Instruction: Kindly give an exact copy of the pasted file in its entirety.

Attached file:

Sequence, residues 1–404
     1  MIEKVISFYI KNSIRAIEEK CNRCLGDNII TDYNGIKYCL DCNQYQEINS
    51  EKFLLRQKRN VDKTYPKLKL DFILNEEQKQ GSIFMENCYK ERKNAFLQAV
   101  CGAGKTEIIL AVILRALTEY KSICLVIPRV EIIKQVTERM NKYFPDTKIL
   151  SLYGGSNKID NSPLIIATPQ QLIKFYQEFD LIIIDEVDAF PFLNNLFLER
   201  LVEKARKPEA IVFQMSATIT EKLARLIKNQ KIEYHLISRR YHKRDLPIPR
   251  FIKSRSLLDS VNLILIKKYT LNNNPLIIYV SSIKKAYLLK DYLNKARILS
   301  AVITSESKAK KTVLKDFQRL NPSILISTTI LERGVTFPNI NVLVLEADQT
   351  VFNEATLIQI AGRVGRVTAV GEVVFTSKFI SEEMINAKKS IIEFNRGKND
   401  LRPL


Sequence, residues 1–404
     1  MIEKVISFYI KNSIRAIEEK CNRCLGDNII TDYNGIKYCL DCNQYQEINS
    51  EKFLLRQKRN VDKTYPKLKL DFILNEEQKQ GSIFMENCYK ERKNAFLQAV
   101  CGAGKTEIIL AVILRALTEY KSICLVIPRV EIIKQVTERM NKYFPDTKIL
   151  SLYGGSNKID NSPLIIATPQ QLIKFYQEFD LIIIDEVDAF PFLNNLFLER
   201  LVEKARKPEA IVFQMSATIT EKLARLIKNQ KIEYHLISRR YHKRDLPIPR
   251  FIKSRSLLDS VNLILIKKYT LNNNPLIIYV SSIKKAYLLK DYLNKARILS
   301  AVITSESKAK KTVLKDFQRL NPSILISTTI LERGVTFPNI NVLVLEADQT
   351  VFNEATLIQI AGRVGRVTAV GEVVFTSKFI SEEMINAKKS IIEFNRGKND
   401  LRPL